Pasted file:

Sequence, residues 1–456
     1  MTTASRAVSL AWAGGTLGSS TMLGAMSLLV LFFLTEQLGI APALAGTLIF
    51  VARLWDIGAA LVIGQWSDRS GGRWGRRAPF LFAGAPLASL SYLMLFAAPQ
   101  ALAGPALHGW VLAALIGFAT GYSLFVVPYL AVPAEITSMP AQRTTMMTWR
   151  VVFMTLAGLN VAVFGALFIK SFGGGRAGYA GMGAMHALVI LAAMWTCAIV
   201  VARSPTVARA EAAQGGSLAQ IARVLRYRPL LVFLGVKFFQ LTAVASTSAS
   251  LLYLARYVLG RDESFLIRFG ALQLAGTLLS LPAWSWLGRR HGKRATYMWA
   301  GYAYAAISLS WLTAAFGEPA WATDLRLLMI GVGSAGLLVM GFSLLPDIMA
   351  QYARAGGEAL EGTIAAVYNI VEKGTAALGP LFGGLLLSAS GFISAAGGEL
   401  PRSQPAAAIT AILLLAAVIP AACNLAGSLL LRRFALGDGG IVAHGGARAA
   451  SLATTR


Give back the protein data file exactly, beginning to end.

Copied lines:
Sequence, residues 1–456
     1  MTTASRAVSL AWAGGTLGSS TMLGAMSLLV LFFLTEQLGI APALAGTLIF
    51  VARLWDIGAA LVIGQWSDRS GGRWGRRAPF LFAGAPLASL SYLMLFAAPQ
   101  ALAGPALHGW VLAALIGFAT GYSLFVVPYL AVPAEITSMP AQRTTMMTWR
   151  VVFMTLAGLN VAVFGALFIK SFGGGRAGYA GMGAMHALVI LAAMWTCAIV
   201  VARSPTVARA EAAQGGSLAQ IARVLRYRPL LVFLGVKFFQ LTAVASTSAS
   251  LLYLARYVLG RDESFLIRFG ALQLAGTLLS LPAWSWLGRR HGKRATYMWA
   301  GYAYAAISLS WLTAAFGEPA WATDLRLLMI GVGSAGLLVM GFSLLPDIMA
   351  QYARAGGEAL EGTIAAVYNI VEKGTAALGP LFGGLLLSAS GFISAAGGEL
   401  PRSQPAAAIT AILLLAAVIP AACNLAGSLL LRRFALGDGG IVAHGGARAA
   451  SLATTR